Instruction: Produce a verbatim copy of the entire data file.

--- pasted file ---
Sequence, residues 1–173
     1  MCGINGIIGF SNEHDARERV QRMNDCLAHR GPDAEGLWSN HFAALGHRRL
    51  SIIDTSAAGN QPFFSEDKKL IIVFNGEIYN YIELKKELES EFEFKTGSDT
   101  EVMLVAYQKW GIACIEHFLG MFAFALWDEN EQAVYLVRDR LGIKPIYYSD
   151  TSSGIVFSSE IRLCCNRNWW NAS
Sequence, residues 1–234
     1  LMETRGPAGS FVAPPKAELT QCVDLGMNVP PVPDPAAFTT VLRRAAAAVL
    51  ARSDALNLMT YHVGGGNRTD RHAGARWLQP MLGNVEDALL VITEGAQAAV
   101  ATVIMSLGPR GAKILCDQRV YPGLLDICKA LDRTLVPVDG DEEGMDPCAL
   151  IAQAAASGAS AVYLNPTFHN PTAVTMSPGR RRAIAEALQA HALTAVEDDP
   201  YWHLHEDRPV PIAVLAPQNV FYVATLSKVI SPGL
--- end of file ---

Sequence, residues 1–173
     1  MCGINGIIGF SNEHDARERV QRMNDCLAHR GPDAEGLWSN HFAALGHRRL
    51  SIIDTSAAGN QPFFSEDKKL IIVFNGEIYN YIELKKELES EFEFKTGSDT
   101  EVMLVAYQKW GIACIEHFLG MFAFALWDEN EQAVYLVRDR LGIKPIYYSD
   151  TSSGIVFSSE IRLCCNRNWW NAS
Sequence, residues 1–234
     1  LMETRGPAGS FVAPPKAELT QCVDLGMNVP PVPDPAAFTT VLRRAAAAVL
    51  ARSDALNLMT YHVGGGNRTD RHAGARWLQP MLGNVEDALL VITEGAQAAV
   101  ATVIMSLGPR GAKILCDQRV YPGLLDICKA LDRTLVPVDG DEEGMDPCAL
   151  IAQAAASGAS AVYLNPTFHN PTAVTMSPGR RRAIAEALQA HALTAVEDDP
   201  YWHLHEDRPV PIAVLAPQNV FYVATLSKVI SPGL